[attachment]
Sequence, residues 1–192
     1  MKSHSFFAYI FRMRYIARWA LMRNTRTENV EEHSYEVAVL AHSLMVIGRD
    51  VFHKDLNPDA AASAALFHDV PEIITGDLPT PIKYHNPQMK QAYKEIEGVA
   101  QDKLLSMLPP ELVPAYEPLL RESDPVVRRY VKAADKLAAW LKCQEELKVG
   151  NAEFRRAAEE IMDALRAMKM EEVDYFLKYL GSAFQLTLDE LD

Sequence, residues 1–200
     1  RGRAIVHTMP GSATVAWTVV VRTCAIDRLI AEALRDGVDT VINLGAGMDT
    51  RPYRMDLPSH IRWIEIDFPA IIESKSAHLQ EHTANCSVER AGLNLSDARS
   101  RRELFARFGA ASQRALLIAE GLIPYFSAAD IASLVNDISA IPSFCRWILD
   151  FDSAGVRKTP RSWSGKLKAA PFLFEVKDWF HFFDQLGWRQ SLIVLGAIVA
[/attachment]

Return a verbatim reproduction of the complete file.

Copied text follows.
Sequence, residues 1–192
     1  MKSHSFFAYI FRMRYIARWA LMRNTRTENV EEHSYEVAVL AHSLMVIGRD
    51  VFHKDLNPDA AASAALFHDV PEIITGDLPT PIKYHNPQMK QAYKEIEGVA
   101  QDKLLSMLPP ELVPAYEPLL RESDPVVRRY VKAADKLAAW LKCQEELKVG
   151  NAEFRRAAEE IMDALRAMKM EEVDYFLKYL GSAFQLTLDE LD

Sequence, residues 1–200
     1  RGRAIVHTMP GSATVAWTVV VRTCAIDRLI AEALRDGVDT VINLGAGMDT
    51  RPYRMDLPSH IRWIEIDFPA IIESKSAHLQ EHTANCSVER AGLNLSDARS
   101  RRELFARFGA ASQRALLIAE GLIPYFSAAD IASLVNDISA IPSFCRWILD
   151  FDSAGVRKTP RSWSGKLKAA PFLFEVKDWF HFFDQLGWRQ SLIVLGAIVA